Oil inventories and their five-year average
In the week ending on December 21, US crude oil inventories were 7% higher than their five-year average—unchanged from the previous week. Oil prices and the inventories spread usually move inversely.
If the inventories spread expands into the positive territory, it could drag oil prices down in the coming weeks. The inventories spread is the difference between oil inventories and their five-year average.
Oil prices, energy stocks, and the inventories spread
Since the latest EIA (U.S. Energy Information Administration) data were released on December 28, US crude oil February futures have risen 0.2%. On December 28–31, oil-weighted stocks Occidental Petroleum (OXY), Whiting Petroleum (WLL), and WPX Energy (WPX) rose 1.5%, 2.2%, and 2.8%, respectively, and outperformed their peers.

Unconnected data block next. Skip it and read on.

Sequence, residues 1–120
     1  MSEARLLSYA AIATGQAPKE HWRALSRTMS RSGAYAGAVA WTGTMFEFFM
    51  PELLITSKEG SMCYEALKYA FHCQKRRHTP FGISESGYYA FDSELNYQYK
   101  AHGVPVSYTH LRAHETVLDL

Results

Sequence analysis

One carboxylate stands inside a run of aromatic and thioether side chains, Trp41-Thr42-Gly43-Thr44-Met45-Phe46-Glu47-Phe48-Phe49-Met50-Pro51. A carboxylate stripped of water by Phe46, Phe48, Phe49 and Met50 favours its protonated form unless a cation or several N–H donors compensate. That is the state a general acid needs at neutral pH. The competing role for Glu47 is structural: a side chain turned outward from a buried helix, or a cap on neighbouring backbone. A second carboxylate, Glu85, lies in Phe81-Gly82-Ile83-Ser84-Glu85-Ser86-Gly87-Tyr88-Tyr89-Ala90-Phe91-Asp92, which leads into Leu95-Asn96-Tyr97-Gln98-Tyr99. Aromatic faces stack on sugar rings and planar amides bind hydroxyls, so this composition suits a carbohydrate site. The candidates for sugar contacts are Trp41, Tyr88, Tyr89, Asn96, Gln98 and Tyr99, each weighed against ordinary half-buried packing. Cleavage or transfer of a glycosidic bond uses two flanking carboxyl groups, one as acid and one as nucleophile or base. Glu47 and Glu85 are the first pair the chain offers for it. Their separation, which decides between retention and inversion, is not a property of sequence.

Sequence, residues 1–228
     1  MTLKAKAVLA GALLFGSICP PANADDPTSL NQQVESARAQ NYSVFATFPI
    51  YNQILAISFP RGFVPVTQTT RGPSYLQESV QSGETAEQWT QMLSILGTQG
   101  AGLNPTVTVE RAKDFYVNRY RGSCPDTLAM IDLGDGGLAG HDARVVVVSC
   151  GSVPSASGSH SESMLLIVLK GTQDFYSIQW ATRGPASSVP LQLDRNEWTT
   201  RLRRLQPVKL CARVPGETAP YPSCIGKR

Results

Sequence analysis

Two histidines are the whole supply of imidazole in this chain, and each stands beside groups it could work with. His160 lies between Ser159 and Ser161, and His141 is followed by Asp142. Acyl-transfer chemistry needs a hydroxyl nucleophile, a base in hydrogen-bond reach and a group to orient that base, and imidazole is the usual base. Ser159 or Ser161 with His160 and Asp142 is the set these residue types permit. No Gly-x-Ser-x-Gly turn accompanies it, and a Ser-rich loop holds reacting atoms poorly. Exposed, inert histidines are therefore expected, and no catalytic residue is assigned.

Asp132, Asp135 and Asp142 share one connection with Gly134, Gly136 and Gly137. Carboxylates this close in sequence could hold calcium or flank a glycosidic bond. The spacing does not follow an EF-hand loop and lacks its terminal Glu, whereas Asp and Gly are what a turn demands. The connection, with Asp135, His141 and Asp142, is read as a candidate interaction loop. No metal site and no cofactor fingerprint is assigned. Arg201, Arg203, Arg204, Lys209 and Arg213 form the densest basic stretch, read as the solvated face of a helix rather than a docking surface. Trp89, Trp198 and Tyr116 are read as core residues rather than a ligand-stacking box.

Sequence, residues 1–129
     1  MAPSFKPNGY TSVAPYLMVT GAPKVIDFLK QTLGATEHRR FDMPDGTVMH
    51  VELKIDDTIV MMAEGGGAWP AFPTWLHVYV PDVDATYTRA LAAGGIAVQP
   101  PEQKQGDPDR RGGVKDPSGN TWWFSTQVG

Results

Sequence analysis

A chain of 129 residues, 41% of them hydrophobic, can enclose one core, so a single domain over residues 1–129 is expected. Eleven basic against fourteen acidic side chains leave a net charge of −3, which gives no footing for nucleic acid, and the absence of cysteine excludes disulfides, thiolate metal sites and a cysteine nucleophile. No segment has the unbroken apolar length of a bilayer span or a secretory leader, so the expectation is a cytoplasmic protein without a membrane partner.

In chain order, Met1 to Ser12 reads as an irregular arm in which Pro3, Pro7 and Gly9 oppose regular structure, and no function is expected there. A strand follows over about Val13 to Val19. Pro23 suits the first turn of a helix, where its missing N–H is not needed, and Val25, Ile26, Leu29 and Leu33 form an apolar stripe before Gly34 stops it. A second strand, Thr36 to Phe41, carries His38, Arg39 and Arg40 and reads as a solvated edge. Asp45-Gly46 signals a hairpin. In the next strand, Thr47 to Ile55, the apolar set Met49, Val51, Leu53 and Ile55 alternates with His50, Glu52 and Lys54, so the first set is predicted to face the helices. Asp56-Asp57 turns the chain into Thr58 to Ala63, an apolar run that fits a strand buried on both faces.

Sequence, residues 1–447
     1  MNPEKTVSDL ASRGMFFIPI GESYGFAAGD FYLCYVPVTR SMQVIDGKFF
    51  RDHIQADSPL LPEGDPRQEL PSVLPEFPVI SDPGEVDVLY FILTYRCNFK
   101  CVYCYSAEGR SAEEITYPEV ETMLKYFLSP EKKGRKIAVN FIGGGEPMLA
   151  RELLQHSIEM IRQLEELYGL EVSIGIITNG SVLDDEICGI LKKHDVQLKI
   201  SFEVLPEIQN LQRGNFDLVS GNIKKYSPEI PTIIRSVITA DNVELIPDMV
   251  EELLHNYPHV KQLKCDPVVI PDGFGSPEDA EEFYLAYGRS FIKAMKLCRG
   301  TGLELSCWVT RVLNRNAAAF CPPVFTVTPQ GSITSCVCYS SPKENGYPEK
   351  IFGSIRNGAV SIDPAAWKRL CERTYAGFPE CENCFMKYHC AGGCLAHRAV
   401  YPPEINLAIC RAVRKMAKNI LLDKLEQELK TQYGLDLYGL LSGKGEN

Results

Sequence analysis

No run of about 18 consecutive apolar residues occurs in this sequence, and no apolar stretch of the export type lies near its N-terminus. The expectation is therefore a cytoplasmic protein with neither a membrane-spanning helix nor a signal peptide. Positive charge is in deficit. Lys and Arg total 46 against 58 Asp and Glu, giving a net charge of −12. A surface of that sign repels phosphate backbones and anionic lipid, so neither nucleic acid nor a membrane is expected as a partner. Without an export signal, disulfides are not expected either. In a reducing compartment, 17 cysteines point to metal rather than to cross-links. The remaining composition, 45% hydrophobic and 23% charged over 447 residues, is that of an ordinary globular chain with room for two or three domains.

Fall in inventory levels
On January 4, the EIA is scheduled to announce its US crude oil inventory data for last week. A fall of more than ~8.4 MMbbls (million barrels) for the week ending on December 28 would help contract the inventories spread. The five-year average has also fallen by 4.1 MMbbls during this time of the year.